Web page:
For all its vastness and differences, and despite its prevalence of concrete and Home Depots on every corner, I love it here. I am not defending my choice to live here. I am defending my right to be viewed as something other than a caricature or a combination of behaviors you have seen on television.

stuff 3.29

stuff 3.29

What I did on my day off:

Spent two hours in an arcade playing Galaga while my kids attempted to play Dance Dance Revolution. Watched a father and small child bond over killing zombies in House of Dead. It was really heartwarming to see the dad pat the little boy on the head and say things like Nice kill, son! and You really know how to make those brains splatter. That's my boy!

Watched Titus. Have you ever seen Titus? I am completely obsessed with this movie now. Long, bizzare, surreal, sometimes hard to follow, but an incredible piece of film making. I think I'll watch it again today.

Lost my voice. This may be amusing to Justin and my children, but it is frustrating and annoying to me. I knew it was going to happen. I tried to hit the high note in a Radiohead song yesterday and nothing came out. Not even an off-key squeal, which is what I was expecting. Hours later, the voice was pretty much gone. I can manage a few hoarse words here and there. Answering the phones at work will be so much fun today.

Saw Blade II. I love movies that have that one scene where you want to stand up in the middle of the movie theater, point at the screen and yell Take that, motherfucker! Yeeeehaaa! Very little dialogue. Very little resemblance to the first Blade. A whole lot of fun. Action, action everywhere. Completely enjoyable movie going experience.

For the record, I had nothing to do with this. Which reminds me, do you dunk?

I give Easter gifts to my sisters and my mother looks absolutely enraged. Huh, you say? That line courtesy of the website mangler, which comes courtesy of Mr. Blorg.

And this morning, I dreamed of an earthquake in Vermont that reached a 7.5 on the Richter scale. This happened while we were acting out Archie comic books. I was Jughead. Don't laugh, you were the dog.

My usual after-stuff post won't be up until later in the morning. I'm going to try to actually get to work on time today.

Coffee, Paxil and Robitussin. The breakfast of champions.

March 28, 2002

clowning around

clowning around

ICP and Marilyn Manson on Bill O'Reilly tonight. This should be fun.

Working on a long rant about the entertainment industry and parental responsibility. Beating a dead horse, yes. But I like beating this dead horse. More later.

sudden impact

sudden impact

I dreamed last night about high school, as I do often, and it left me wondering. What happened to the people I went to school with? Not just high school, but grammar school and nursery school. All those people who passed through my life, the students, the teachers, the lunch ladies, the secretaries. People I saw every day for years and years, people who in some way impacted my life, whether it was by teaching me how to add, giving me a free pretzel when I lost my lunch money or tying the sash of my prissy dress to the back of the chair so when I stood up the chair came with me. Good, bad, indifferent. So many people have passed through my life, for minutes or hours or years, and they come and go and sometimes never come back. Only in occasional dreams that make the past float in your mind like waves.

I think about C., who was my best friend in high school. I got my period at her house during a party. She, in turn, conceived her daughter on my parent's bed while my parents were in Hawaii. The daughter of this 18 year old girl became my goddaughter, and I haven't seen her since she was nine, and haven't talked to her mother since weeks before my wedding in 1989, when C. for some reason stopped returning my calls. Somewhere out there is a 24 year old woman who is my goddaughter.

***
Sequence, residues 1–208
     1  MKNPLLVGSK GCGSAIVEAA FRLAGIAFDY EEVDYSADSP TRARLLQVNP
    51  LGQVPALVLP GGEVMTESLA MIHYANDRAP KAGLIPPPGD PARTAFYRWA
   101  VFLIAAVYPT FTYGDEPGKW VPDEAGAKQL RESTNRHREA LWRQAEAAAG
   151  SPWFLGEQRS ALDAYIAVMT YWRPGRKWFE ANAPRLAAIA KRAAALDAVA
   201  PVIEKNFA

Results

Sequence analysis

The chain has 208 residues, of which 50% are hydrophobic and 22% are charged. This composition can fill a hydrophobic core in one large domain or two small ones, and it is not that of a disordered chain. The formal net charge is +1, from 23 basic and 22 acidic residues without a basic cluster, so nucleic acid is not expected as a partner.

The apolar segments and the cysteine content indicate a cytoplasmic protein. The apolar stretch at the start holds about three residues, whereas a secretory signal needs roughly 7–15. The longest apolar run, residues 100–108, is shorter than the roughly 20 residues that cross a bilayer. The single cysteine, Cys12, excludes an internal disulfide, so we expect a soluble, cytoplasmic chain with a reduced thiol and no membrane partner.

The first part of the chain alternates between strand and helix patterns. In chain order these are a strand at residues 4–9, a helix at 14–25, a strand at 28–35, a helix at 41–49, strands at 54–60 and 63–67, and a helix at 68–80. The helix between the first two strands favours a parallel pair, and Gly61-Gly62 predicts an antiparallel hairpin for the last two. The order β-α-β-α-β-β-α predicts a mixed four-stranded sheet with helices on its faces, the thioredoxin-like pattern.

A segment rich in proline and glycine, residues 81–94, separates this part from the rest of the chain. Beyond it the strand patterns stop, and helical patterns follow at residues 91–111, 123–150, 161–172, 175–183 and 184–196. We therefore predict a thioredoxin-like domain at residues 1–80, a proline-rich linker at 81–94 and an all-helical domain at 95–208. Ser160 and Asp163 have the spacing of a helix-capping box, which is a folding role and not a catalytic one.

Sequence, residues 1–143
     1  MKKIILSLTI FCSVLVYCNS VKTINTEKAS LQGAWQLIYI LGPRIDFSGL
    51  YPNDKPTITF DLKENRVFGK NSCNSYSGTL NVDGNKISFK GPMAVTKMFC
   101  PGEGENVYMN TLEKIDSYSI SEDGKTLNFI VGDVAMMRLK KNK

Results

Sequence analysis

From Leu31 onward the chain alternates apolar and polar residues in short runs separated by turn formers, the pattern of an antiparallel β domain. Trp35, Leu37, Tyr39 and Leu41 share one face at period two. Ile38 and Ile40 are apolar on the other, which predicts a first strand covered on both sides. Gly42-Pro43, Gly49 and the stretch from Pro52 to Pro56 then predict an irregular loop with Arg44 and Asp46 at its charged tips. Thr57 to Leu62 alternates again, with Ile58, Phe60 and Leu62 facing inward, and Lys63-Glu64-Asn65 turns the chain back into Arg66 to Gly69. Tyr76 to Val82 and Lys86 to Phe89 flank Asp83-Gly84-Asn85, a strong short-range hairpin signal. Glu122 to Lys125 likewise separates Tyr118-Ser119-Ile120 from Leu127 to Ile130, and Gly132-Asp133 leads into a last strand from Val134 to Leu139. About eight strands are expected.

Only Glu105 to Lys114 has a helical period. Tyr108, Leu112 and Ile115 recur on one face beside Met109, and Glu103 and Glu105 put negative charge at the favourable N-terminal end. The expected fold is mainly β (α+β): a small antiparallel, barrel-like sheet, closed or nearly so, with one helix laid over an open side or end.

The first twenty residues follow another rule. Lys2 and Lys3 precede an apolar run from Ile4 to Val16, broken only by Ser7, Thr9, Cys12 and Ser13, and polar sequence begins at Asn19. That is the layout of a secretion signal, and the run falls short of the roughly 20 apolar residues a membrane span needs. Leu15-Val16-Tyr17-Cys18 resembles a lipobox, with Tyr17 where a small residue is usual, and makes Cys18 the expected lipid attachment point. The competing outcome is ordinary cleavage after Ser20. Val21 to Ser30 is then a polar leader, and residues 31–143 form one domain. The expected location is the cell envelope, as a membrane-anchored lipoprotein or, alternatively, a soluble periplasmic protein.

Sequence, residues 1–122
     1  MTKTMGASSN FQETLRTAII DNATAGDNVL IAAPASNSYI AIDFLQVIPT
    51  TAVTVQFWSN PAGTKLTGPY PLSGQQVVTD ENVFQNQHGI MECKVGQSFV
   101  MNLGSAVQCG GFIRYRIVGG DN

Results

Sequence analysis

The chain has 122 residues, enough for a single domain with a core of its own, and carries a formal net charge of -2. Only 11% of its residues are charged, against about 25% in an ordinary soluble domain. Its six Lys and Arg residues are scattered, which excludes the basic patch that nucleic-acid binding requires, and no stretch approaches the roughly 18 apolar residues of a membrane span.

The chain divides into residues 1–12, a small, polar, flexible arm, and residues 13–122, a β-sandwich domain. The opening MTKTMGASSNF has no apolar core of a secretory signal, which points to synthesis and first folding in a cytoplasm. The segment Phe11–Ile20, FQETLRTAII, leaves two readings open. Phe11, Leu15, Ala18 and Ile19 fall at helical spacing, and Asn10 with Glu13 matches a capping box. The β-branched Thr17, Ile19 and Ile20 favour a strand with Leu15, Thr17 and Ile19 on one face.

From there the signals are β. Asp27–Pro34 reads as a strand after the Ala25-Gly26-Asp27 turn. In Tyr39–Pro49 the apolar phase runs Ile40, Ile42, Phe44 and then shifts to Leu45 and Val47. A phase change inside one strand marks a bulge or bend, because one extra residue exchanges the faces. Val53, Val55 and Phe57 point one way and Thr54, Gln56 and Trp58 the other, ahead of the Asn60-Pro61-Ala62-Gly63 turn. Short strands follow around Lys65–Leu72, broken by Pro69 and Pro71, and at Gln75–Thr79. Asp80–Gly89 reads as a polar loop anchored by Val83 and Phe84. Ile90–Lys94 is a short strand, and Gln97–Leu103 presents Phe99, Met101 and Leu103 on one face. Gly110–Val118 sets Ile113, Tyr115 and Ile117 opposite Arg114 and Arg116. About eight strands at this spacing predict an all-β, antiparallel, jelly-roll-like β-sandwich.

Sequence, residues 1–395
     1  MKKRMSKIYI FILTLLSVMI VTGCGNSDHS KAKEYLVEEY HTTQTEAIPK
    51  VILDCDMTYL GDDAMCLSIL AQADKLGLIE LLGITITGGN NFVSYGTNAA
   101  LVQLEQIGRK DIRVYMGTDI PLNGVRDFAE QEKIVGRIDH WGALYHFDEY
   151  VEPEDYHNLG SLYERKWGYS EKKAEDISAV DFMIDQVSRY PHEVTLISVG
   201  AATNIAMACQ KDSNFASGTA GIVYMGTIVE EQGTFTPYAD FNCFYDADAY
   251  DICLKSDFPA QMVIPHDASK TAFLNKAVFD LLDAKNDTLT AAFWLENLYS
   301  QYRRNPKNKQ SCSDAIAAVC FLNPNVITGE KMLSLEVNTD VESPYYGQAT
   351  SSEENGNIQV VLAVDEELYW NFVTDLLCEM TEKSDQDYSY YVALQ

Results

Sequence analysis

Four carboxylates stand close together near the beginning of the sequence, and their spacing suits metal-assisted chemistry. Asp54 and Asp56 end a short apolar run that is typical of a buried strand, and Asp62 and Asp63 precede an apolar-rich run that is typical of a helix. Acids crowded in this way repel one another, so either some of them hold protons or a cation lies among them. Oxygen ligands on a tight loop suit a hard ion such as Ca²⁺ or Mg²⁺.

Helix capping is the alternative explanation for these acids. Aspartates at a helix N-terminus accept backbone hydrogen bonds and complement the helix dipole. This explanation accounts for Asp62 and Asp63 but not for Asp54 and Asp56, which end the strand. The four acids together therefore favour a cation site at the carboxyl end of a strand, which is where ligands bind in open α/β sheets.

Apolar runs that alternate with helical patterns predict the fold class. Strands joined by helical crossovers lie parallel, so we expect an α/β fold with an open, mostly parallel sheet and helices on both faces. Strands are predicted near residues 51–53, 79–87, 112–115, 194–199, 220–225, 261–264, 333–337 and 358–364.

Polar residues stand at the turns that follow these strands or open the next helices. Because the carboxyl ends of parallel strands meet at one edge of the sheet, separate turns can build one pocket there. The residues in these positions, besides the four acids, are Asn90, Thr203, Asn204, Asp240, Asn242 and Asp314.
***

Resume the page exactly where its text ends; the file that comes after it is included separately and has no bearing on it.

I think about R., who was the only boy who would talk to me in grade school. He talked like I was his friend, about the weather and cartoons and whatever ten year olds talk about. I lost touch with R. when we went to separate high schools, but I know what happened to him. He killed himself in 1981, after his girlfriend of five years dumped him. I wonder where she is now, the girlfriend, and if she carries that around with her like an unopened package.

I think about all the teachers I had. Mrs. Reich, who was the best 3rd grade teacher ever, who let us have snacks in the classroom before it was standard to do so, who had a tv in the class so we could watch educational programs, who was always gentle and kind and had chubby, small fingers with liver spots on them. She died when I was in high school. Mrs. Letterman, my first grade teacher who was the tallest woman I had ever seen and Mr. Goldberg, my 6th grade teacher, who was best friends with Bud Harrelson and brought him into the classroom once. I still have the autographed picture.

I remember the names of every person who tortured me and made fun of me. I remember their faces and the clothes they wore. I remember every teacher who was mean to me, every insult hurled my way. But I also remember the kids who tried to be nice, Barbara and Susan, who invited me to their homes for parties even when no one else wanted me there. Mrs. M, my 4th grade teacher, who made sure I was seated far away from my tormenters, who walked me home once and who told me I was the best student she ever had.

I think about all those faces in high school; the kids who never got past the drug stage, who took it with them after graduation and made it part of their everyday lives. I think about the teachers who ran us through our lessons as if racing from one period to the next, and the teachers who took their time with us and really taught us something. I think about the kids who had too much money to throw around and thought that would get them everywhere they needed to go, and the kids who threw only footballs or basketballs and thought that would get them through life.